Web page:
Washington Post: New Coalition Pushes For More Long-Distance Flights At Reagan National

By: Lori Aratani

The Washington Post, April 27, 2023

A coalition of business groups on Thursday is launching a campaign to increase long-distance service at Reagan National Airport, arguing that rules limiting the number of flights and the distance they travel are outdated and are hurting consumers and the local economy.

The effort, led by the Capital Access Alliance, is the latest salvo in a long-running battle over control of National, whose unique status as one of two airports owned by the federal government — alongside Dulles International Airport — means Congress has the power to make changes to how it operates.

At issue is the perimeter rule, which limits the number of flights that travel more than 1,250 miles from National. Over the years, lawmakers have carved out exemptions to allow a small number of flights beyond the 1,250-mile limit. The Capital Access Alliance, which counts Delta Air Lines among its members, wants Congress to increase the number by as many as 25 daily round trips.

“DCA is the only airport in the country subject to a federally-imposed perimeter rule and is being underutilized as a result,” said coalition spokesman Brian Walsh. “This nearly 60-year-old regulation is making air travel longer and more expensive, while also [being] harmful to businesses and the environment.”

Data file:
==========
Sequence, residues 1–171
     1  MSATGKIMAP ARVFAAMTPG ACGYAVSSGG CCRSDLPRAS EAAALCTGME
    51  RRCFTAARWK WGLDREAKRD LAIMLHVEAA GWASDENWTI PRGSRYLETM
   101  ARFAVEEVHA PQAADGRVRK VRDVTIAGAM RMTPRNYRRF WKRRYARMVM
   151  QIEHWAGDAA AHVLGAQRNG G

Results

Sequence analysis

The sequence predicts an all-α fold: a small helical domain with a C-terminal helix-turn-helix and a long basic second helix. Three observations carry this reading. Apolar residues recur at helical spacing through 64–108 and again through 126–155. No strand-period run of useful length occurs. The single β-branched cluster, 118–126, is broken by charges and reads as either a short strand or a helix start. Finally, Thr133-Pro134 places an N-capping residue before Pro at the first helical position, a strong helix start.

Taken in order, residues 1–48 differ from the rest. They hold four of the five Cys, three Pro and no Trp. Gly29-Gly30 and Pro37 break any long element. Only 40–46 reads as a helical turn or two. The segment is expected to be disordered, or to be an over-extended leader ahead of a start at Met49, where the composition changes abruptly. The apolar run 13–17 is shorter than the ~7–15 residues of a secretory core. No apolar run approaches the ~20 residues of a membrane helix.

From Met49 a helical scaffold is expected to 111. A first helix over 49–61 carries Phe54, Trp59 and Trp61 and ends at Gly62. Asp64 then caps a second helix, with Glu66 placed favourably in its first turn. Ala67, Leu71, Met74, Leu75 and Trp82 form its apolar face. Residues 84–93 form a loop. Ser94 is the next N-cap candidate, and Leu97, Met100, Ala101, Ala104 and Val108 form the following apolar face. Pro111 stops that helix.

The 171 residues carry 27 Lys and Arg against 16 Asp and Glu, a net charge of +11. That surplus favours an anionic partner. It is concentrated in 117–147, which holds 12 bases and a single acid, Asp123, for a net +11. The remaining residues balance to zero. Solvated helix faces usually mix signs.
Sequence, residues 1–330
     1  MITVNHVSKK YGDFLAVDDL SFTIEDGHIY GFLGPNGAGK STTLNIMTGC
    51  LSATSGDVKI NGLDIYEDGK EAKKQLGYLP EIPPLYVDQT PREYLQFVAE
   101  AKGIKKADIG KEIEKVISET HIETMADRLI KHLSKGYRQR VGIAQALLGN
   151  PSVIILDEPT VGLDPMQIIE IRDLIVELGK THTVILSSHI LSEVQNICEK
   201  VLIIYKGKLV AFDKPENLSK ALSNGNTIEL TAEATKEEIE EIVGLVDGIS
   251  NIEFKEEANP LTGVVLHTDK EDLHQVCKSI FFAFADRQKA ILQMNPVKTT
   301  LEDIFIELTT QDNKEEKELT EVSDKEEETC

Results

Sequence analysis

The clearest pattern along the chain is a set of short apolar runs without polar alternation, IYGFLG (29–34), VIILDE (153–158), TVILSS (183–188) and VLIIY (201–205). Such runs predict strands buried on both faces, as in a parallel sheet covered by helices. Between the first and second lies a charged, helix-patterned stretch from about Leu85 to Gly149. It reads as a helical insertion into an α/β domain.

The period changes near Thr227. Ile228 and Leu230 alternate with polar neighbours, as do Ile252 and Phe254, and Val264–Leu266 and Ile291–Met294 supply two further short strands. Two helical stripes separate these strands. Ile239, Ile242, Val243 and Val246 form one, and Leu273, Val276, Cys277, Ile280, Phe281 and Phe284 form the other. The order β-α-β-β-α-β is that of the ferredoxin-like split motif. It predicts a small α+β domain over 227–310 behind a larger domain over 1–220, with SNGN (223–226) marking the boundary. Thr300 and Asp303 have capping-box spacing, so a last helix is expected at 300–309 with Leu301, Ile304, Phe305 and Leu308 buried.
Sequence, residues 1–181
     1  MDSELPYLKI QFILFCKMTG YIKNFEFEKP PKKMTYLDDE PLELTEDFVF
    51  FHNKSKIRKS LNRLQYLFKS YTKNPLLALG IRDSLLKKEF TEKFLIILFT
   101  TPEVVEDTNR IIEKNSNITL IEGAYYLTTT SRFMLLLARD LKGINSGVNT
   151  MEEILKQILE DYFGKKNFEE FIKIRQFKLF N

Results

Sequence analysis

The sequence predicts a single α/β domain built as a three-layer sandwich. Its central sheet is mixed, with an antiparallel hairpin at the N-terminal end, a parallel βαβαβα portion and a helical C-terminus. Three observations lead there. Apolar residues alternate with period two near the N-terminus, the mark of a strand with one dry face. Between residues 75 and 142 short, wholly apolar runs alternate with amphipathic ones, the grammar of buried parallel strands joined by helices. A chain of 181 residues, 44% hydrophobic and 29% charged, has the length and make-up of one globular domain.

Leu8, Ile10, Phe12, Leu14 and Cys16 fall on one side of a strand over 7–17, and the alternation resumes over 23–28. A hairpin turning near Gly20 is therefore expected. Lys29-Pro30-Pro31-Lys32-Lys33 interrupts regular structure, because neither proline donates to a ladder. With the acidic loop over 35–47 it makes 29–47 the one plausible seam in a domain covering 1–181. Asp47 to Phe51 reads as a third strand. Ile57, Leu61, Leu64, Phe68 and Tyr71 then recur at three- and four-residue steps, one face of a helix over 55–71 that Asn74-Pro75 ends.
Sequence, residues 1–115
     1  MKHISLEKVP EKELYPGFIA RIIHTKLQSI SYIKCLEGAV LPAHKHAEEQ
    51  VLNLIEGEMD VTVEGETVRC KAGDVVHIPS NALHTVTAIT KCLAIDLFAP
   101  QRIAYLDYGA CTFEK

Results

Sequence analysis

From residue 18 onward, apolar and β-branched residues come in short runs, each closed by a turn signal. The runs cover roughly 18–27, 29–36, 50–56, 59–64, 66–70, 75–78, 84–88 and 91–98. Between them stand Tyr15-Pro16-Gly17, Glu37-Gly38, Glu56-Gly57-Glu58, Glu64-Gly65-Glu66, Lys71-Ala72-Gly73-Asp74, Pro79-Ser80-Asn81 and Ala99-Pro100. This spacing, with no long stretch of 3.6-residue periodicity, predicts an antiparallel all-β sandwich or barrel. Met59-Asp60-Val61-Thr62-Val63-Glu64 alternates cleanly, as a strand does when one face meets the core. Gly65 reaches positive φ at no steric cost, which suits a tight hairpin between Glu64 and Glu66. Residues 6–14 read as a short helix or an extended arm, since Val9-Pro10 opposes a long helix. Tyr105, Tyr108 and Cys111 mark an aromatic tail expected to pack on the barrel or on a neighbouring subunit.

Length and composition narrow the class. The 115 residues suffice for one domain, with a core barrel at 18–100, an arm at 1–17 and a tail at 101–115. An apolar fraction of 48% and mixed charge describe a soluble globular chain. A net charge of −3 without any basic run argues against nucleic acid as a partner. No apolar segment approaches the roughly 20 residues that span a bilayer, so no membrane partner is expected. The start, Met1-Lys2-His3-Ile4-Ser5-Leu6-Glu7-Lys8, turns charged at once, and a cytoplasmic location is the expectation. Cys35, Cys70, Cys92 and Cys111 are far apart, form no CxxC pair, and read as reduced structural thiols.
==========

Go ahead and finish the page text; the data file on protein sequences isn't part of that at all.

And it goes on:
To bolster their case, CAA released a study by Boston Consulting Group, which estimated that expanding the number of long-distance flights at National could reduce ticket prices by an average of $60 and generate as much as $400 million in economic benefits, as well as up to $70 million in additional federal and state tax revenue for the region.

It also argues that one of the chief reasons for establishing the perimeter rule — to promote growth at Dulles — is no longer needed because Dulles has “reached a point of self-sufficiency with a solid customer base.”

CAA’s appeal is likely to garner support in Congress, particularly among lawmakers who have sought to end distance limits on flights at National. But the proposal will likely draw fierce opposition from D.C.-area lawmakers, who have long opposed changes at National and have criticized their out-of-town colleagues for meddling in National’s operations for their personal convenience.

Lawmakers have extended what began as a 650-mile limit twice over the years — first in 1981 to 1,000 miles, then in 1986 to the current 1,250 miles. Legislators also carved out exemptions that allow a small number of flights to cities including Austin, Seattle, Denver and Phoenix. Those alterations have been a sore spot for lawmakers in the Washington region who have chafed at the interference in local matters.

Read the full article from The Washington Post here.